Choosing with confidence: Self-efficacy and preferences for choice
Previous research on the role of choice set size in decision making has focused on decision outcomes and satisfaction. In contrast, little is known about interindividual differences in preferences for larger versus smaller choice sets, let alone the causes of such differences. Drawing on self-efficacy theory, two studies examined the role of decision-making self-efficacy in preferences for choice. Using a correlational approach, Study 1 (n = 89) found that decision-making self-efficacy was positively associated with preferences for choice across a range of consumer decisions. This association was found both between- and within-subjects. Study 2 (n = 65) experimentally manipulated decision-making self-efficacy for an incentive-compatible choice among photo printers. Preferences for choice and pre-choice information seeking were significantly lower in a low-efficacy condition compared to a high-efficacy condition and a control group. Future research directions and implications for decision-making theory and public policy are discussed.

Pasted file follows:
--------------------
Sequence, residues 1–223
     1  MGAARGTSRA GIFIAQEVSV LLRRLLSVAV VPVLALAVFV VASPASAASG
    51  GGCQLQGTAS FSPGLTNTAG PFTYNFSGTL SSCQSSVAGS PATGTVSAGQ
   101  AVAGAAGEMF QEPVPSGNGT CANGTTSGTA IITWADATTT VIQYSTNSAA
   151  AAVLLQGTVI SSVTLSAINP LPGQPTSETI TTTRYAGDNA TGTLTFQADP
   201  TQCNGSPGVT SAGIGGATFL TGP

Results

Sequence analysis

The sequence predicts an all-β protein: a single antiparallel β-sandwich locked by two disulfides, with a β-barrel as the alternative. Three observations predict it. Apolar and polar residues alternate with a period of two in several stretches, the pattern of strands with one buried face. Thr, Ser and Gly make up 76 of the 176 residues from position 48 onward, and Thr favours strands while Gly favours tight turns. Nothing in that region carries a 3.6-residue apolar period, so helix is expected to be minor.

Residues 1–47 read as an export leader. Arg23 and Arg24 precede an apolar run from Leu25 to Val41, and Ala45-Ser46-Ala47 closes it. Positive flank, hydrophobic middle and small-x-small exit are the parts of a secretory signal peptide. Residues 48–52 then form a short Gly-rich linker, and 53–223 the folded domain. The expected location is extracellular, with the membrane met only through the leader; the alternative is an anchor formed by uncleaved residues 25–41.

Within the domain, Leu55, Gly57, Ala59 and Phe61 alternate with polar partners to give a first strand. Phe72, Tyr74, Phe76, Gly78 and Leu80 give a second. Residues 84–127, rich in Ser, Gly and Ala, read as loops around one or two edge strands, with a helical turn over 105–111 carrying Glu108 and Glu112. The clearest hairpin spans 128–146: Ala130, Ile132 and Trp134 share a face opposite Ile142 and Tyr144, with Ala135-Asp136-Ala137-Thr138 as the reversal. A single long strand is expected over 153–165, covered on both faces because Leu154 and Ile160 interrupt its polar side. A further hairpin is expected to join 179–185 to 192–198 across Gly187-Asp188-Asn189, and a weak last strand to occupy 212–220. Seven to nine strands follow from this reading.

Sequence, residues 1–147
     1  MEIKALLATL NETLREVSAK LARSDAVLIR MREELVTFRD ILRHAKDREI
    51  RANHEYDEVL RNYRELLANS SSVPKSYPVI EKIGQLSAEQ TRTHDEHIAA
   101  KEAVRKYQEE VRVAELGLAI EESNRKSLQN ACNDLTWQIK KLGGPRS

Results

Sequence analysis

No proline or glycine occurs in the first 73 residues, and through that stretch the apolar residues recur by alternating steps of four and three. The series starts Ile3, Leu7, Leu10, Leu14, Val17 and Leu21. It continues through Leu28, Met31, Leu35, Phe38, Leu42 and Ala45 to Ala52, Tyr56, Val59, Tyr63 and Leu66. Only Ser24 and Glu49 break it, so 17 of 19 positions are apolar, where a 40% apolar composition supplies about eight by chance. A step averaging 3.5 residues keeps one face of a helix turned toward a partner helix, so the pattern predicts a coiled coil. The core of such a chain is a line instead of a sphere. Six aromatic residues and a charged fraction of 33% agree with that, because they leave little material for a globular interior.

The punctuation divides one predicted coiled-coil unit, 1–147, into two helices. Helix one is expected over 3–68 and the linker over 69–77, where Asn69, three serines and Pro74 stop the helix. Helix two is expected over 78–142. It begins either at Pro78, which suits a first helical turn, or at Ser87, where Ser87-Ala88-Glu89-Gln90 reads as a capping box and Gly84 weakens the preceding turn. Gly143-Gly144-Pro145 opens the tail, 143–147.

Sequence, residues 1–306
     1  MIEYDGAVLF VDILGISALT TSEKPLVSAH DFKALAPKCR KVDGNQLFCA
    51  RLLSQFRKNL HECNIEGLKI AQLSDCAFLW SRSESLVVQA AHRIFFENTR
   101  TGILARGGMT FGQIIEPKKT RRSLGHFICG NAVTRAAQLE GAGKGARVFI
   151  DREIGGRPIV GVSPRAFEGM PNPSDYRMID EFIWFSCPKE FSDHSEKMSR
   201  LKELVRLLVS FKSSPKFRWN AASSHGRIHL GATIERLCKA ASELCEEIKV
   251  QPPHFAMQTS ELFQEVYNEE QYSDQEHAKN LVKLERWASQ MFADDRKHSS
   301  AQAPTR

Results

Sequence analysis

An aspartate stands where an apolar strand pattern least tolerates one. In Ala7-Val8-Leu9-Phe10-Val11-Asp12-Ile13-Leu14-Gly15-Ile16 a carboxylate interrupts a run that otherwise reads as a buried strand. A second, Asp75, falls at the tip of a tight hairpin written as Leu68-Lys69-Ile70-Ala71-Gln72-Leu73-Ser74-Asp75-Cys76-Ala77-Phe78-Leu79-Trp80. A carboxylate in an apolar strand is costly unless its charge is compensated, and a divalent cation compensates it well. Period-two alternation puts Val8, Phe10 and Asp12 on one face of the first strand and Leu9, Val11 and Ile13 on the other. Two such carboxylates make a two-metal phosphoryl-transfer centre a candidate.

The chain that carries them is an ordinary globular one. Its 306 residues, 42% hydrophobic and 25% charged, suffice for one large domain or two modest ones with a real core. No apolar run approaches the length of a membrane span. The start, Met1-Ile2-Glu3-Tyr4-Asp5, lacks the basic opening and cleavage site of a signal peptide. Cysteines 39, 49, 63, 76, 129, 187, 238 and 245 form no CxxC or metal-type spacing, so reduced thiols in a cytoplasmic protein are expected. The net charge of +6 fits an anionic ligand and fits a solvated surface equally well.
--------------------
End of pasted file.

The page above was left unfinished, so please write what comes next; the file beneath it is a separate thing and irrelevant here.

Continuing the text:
Volume (Year): 7 (2012)
Issue (Month): 2 (March)
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- Gergana Y. Nenkov & Maureen Morrin & Andrew Ward & Barry Schwartz & John Hulland, 2008. "A short form of the Maximization Scale: Factor structure, reliability and validity studies," Judgment and Decision Making, Society for Judgment and Decision Making, vol. 3, pages 371-388, June.
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- Chernev, Alexander, 2003. " When More Is Less and Less Is More: The Role of Ideal Point Availability and Assortment in Consumer Choice," Journal of Consumer Research, University of Chicago Press, vol. 30(2), pages 170-83, September.
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